a silent minstrel
sat at dawn his fingers limp
(the blue sky streaked red)
reminding him of lost friends
a song dangled there
(just out of reach but so near)
he touched the taut strings
and struck a sweet cord
then, heard a sistrum jangle
the music began
flowing like a spring river
he sang of karma
he sang of resurrection
of life – birth and death
and of red dawns and sunsets
o’er the mountains and the sea.
© G.s.k. ‘16
Originally choka were sung, but not in the Western sense of being sung. The oral tradition of the choka was to recite the words in a high pitch.
The choka is:
- a narrative.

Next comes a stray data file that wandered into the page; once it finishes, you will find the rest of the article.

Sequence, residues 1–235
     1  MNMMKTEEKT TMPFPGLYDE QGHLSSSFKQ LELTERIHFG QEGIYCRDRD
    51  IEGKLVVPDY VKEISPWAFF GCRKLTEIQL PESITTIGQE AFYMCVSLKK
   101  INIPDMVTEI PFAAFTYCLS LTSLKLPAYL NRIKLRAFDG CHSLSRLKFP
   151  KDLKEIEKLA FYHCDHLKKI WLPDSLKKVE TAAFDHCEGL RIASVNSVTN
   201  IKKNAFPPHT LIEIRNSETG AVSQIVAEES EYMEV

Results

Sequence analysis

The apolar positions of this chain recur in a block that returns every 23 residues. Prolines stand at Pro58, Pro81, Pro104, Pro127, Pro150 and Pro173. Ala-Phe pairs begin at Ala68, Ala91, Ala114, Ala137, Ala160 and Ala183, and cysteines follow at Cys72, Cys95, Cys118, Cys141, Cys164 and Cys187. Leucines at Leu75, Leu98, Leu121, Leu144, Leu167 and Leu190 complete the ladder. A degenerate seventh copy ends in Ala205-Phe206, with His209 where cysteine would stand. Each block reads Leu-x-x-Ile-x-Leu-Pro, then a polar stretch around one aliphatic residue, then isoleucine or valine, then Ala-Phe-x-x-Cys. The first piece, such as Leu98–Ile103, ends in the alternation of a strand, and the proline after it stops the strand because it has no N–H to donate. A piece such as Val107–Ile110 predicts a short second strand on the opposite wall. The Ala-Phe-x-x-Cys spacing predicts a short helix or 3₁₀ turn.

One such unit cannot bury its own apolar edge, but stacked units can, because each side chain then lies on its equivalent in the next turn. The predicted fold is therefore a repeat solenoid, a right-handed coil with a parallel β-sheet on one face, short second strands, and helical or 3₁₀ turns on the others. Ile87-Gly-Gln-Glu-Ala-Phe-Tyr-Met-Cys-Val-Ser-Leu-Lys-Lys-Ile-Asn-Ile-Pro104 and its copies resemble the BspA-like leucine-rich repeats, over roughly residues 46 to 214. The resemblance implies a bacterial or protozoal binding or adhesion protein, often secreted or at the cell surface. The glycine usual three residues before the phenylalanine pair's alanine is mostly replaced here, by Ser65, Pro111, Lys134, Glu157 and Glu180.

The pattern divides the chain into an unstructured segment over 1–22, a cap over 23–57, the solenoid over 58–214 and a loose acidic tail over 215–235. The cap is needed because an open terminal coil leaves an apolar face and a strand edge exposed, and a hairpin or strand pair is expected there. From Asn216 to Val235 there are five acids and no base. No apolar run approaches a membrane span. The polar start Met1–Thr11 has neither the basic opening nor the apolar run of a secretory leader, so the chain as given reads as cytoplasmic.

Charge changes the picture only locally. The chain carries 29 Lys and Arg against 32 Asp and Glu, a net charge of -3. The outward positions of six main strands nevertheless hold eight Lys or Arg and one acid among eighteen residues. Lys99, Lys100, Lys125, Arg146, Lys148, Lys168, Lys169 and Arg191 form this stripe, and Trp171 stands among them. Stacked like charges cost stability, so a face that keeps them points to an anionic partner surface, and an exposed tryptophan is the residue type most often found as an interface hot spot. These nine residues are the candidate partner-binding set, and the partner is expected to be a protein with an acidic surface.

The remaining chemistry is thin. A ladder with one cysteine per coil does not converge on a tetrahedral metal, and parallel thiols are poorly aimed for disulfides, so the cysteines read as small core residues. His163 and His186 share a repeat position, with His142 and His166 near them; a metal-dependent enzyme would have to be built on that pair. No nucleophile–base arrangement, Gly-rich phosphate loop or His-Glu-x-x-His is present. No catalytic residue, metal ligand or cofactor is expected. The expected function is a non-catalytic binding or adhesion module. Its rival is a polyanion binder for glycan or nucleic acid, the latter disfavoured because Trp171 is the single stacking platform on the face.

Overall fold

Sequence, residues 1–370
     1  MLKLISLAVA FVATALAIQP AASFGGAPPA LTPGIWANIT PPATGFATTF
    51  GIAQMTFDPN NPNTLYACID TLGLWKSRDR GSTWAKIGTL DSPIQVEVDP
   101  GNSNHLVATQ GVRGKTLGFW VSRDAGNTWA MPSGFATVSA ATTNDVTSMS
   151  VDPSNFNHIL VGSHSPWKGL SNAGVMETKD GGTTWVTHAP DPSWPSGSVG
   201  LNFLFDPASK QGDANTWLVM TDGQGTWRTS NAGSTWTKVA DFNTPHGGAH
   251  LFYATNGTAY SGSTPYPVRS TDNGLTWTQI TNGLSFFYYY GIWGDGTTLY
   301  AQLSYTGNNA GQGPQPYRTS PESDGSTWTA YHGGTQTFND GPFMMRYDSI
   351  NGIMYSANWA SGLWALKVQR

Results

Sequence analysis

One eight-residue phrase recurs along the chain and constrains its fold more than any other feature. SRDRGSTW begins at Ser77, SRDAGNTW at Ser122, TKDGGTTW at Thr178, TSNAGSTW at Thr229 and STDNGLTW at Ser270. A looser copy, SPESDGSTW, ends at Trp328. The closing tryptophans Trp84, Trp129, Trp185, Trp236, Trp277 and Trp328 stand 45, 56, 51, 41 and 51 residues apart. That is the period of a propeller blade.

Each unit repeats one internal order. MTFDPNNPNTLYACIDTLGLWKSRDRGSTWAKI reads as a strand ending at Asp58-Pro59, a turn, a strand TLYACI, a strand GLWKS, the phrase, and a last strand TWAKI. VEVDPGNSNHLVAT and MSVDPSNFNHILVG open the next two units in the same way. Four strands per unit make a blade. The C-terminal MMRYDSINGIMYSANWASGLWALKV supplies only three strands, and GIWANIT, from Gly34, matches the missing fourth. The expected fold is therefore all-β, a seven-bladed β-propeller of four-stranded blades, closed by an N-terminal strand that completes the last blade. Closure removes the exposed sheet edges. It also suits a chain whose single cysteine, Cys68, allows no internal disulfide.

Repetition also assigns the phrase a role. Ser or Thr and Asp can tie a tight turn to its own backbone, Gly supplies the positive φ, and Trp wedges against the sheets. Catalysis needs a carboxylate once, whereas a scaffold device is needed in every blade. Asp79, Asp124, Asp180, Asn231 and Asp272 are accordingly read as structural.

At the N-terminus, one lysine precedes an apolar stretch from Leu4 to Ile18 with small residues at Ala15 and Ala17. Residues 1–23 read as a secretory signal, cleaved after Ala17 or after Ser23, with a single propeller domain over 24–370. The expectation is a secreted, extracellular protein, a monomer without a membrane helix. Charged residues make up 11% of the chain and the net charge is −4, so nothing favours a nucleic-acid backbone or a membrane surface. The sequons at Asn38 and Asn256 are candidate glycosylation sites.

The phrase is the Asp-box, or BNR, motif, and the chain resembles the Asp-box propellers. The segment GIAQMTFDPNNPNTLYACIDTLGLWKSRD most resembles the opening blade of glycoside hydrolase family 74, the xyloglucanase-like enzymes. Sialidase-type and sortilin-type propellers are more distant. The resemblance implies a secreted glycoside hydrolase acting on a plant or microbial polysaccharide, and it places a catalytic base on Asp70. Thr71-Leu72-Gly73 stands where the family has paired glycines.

- syllabic. Composed of any number of couplets made up of alternating 5-7 onji (sound syllables) per line. In English we can only treat the onji as a syllable.
- concluded by a hanka, an envoy in the form of the waka, 31 onji or sound syllables in 5 lines with 5-7-5-7-7. “han” meaning repetition, the hanka is to summarize the choka. The word tanka is often substituted for hanka or waka (they are all rooted in the same 31 syllable, 5 line form, their root seems to make them interchangeable with only subtle differences to separate them.)
- Another way to write a choka is to write several katauta (5-7-7 syllable stanzas).
- The poem can be as long as you like and in classical times there have been choka with hundreds of lines.
Written for NaPoWriMo inspired by the mandala and words found on 1sojounal NaPoWriMo: Day 13:
minstrel, dawn, strings, blue, flow, fingers, jangle, dangle